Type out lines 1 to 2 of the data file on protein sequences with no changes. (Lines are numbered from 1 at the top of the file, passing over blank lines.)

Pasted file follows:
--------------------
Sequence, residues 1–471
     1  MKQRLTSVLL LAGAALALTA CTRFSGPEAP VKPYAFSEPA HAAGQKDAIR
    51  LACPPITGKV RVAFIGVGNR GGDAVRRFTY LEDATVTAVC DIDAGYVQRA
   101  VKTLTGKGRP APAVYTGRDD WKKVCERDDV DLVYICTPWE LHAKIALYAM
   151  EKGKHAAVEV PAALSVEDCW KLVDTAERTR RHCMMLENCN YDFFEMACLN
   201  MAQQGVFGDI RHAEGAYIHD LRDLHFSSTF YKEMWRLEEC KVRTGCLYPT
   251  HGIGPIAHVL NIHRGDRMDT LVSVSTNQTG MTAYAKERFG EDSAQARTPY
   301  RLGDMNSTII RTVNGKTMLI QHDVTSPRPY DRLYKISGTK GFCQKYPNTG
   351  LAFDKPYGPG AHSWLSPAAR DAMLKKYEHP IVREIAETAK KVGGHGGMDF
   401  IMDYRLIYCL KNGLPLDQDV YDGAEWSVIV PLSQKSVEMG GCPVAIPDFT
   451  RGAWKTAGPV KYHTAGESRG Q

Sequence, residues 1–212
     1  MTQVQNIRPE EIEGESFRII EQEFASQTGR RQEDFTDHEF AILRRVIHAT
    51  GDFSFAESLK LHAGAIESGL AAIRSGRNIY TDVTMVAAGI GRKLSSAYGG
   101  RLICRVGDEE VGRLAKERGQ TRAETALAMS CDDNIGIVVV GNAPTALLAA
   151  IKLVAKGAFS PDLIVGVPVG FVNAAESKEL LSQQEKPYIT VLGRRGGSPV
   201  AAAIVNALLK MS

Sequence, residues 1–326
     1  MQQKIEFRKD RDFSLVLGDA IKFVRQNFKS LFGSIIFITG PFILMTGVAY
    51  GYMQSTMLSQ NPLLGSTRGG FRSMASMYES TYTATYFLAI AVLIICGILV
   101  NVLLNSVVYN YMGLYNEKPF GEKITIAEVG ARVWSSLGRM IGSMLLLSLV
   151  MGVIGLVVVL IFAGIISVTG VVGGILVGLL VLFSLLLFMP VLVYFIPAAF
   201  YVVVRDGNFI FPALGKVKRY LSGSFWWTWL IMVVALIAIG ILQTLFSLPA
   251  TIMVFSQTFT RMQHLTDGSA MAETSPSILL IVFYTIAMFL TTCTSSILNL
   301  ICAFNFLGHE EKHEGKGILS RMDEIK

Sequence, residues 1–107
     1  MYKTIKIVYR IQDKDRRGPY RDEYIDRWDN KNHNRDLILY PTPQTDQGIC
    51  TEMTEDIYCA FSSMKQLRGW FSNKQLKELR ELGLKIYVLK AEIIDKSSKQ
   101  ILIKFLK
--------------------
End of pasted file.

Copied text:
Sequence, residues 1–471
     1  MKQRLTSVLL LAGAALALTA CTRFSGPEAP VKPYAFSEPA HAAGQKDAIR